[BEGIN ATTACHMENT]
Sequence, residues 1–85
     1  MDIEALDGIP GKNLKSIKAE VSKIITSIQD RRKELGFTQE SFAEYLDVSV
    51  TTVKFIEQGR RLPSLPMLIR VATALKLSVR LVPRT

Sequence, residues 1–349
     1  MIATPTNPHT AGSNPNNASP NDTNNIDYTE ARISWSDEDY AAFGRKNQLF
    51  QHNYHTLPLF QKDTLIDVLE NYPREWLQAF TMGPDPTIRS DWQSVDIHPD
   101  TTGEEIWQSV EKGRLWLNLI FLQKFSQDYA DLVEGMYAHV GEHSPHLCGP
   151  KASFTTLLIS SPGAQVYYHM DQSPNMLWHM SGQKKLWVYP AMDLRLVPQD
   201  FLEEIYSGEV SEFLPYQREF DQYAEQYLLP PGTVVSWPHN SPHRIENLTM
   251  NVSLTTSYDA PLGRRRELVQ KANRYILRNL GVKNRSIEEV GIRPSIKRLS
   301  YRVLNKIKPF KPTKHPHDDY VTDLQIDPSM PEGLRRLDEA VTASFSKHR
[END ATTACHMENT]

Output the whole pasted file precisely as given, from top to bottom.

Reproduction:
Sequence, residues 1–85
     1  MDIEALDGIP GKNLKSIKAE VSKIITSIQD RRKELGFTQE SFAEYLDVSV
    51  TTVKFIEQGR RLPSLPMLIR VATALKLSVR LVPRT

Sequence, residues 1–349
     1  MIATPTNPHT AGSNPNNASP NDTNNIDYTE ARISWSDEDY AAFGRKNQLF
    51  QHNYHTLPLF QKDTLIDVLE NYPREWLQAF TMGPDPTIRS DWQSVDIHPD
   101  TTGEEIWQSV EKGRLWLNLI FLQKFSQDYA DLVEGMYAHV GEHSPHLCGP
   151  KASFTTLLIS SPGAQVYYHM DQSPNMLWHM SGQKKLWVYP AMDLRLVPQD
   201  FLEEIYSGEV SEFLPYQREF DQYAEQYLLP PGTVVSWPHN SPHRIENLTM
   251  NVSLTTSYDA PLGRRRELVQ KANRYILRNL GVKNRSIEEV GIRPSIKRLS
   301  YRVLNKIKPF KPTKHPHDDY VTDLQIDPSM PEGLRRLDEA VTASFSKHR